Social media mistakes that lose followers


If you’re a business trying to boost your brand and increase your following, you’ve surely read all the articles about how to get likes, how to increase your following, and how best to use Instagram tools. But what may be equally important to a company interested in improving its social presence, generate sales, and maximize revenue is knowing what NOT to do. The last thing you want to do is inadvertently turn consumers off to you and your company by making social media mistakes that lose followers.

Remember that your social media followers can turn off as easily as they switched on if you don’t accurately plan and execute your social media content. It’s important to understand the key balance and know what causes people to tune out your brand. Here we’ve gathered some important things to consider.

Don’t promote too much

. According to a recent study that surveyed more than 1,000 consumers, 57 percent of people report that they find it annoying when brands post too many promotional items. Social media is about developing a community and initiating two-way communication, and more than 46 percent of those surveyed indicate that they will unfollow a brand that is constantly blasting out advertisements. The operative word in social media is social, so remember that, unlike paid ads that are part of a marketing strategy or posting in places where people expect to find a majority of self-promotional behavior, your social media platforms should maintain a balance with interesting content like relevant articles, interactive games, and connected blogs.

Don’t use too much slang and jargon

. While it’s understandable that different industries have words that are part of their disciplinary conversations, remember that consumers will grow weary trying to untangle too many acronyms or decipher content that is too heavy with unfamiliar words and phrases. What is equally annoying to consumers is having a brand that attempts to get in touch with a particular demographic by appropriating their language or attempting to use phrases that sound like a retiree tweeting as if he were a hormone-driven teenager. Almost 30 percent of those surveyed indicate they will unfollow brands that use slang or jargon that simply doesn’t fit the company brand or purpose. Instead, choose a communication style that makes sense for both your brand and your audience without trying too hard to sell yourself or sound cool to a particular demographic you may not understand. Stick with the image and message your brand embodies.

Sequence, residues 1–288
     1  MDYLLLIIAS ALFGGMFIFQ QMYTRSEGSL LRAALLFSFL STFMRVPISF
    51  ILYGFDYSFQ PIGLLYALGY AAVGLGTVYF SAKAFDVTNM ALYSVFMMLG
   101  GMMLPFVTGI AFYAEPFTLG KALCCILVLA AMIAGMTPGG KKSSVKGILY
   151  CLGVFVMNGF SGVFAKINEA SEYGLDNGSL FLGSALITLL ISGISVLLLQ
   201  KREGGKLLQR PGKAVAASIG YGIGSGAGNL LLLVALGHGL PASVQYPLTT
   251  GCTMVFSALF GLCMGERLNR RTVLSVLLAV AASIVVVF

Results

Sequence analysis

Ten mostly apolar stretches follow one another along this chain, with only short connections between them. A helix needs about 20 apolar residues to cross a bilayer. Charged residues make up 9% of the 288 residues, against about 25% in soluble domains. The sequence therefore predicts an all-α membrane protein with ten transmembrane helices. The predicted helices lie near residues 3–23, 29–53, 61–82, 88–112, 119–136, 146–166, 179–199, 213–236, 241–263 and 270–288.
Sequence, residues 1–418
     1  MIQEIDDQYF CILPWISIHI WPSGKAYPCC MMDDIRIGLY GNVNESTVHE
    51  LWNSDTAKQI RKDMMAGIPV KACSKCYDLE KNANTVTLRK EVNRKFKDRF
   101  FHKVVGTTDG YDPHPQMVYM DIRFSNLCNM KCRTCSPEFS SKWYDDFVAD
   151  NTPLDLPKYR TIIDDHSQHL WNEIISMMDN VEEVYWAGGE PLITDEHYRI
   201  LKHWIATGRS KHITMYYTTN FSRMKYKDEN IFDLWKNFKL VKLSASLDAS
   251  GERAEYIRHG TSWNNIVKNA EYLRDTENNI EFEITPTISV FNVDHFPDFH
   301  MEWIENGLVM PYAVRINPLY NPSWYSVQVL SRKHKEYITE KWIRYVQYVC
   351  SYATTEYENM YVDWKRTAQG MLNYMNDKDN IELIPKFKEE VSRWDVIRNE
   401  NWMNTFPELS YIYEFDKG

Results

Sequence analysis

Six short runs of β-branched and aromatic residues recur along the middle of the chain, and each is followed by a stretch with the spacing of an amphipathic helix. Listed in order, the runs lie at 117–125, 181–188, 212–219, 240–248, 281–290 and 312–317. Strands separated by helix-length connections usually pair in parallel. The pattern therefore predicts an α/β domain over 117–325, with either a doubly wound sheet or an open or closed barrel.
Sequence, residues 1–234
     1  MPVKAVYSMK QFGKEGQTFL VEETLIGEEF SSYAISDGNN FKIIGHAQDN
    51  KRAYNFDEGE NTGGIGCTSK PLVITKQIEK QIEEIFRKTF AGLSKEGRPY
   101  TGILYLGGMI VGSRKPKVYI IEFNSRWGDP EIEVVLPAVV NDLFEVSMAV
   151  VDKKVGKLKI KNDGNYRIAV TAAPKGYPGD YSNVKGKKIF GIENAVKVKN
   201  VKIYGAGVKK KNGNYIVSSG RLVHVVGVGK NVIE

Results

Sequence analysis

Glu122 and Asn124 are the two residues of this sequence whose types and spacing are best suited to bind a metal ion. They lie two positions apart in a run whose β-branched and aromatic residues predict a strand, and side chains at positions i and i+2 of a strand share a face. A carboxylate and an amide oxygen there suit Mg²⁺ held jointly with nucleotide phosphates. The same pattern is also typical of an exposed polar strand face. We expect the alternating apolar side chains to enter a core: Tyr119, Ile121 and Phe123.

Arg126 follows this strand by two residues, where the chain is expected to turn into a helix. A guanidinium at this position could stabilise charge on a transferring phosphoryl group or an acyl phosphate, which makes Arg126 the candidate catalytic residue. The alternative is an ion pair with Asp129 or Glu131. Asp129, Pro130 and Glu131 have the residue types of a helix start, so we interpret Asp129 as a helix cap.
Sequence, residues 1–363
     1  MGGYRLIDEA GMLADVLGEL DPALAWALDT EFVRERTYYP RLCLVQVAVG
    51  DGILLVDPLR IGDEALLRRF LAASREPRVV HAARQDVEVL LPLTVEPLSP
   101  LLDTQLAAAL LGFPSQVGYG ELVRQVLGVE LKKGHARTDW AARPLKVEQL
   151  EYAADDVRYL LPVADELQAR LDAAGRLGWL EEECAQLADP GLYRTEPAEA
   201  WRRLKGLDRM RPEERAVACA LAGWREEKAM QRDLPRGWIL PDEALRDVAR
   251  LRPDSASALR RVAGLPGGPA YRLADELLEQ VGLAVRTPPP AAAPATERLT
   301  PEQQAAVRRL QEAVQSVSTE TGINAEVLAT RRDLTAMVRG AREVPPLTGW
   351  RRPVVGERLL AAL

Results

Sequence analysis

Don’t forget to post relevant content on your social media platforms

. A surprising 41 percent of consumers surveyed report that they will unfollow a brand if the content posted is not relevant to the company’s brand, product, or service. People will follow your brand to hear about promotions and incentives and may even join your social media platform to be entertained. But more than gaining followers, you will want to engage them with interesting and pertinent copy if you want them to stay and become a paying customer. Messages you post need to be contextually related, with honesty being the single most important and sought-after trait when it comes to dealing with a brand and its social media topics. Finding a way to use content marketing to your advantage is key to maintaining and growing your following.

Don’t “go silent.”

Just like people don’t want to be ghosted in friendly or romantic relationships, consumers don’t want to deal with a brand that suddenly goes silent or fails to maintain its social media presence. Regardless of what type of commentary and feedback you receive, it’s important to remember the social aspect of social media. Consider the consequences of social media inaction on your brand and your business. Ask yourself: What does it say to my customers when I fail to acknowledge them on social media? That does it mean to them when I don’t have or use a Twitter, Facebook, or other mechanisms for humanizing my brand and putting a face behind the name. Remember that socially active and socially motivated consumers may interpret your silence as laziness, stupidity, disinterest in their opinions, or sketchy and dishonest. These are certainly not characteristics you will want customers to associate with your and your brand.

With more people becoming active on social media, it has become a key factor and crucial element in purchasing. Understanding how best to use social media to increase your following, expand your reach, and grow your business is important.

What are some other social media mistakes you feel brands need to rectify? Share your ideas here.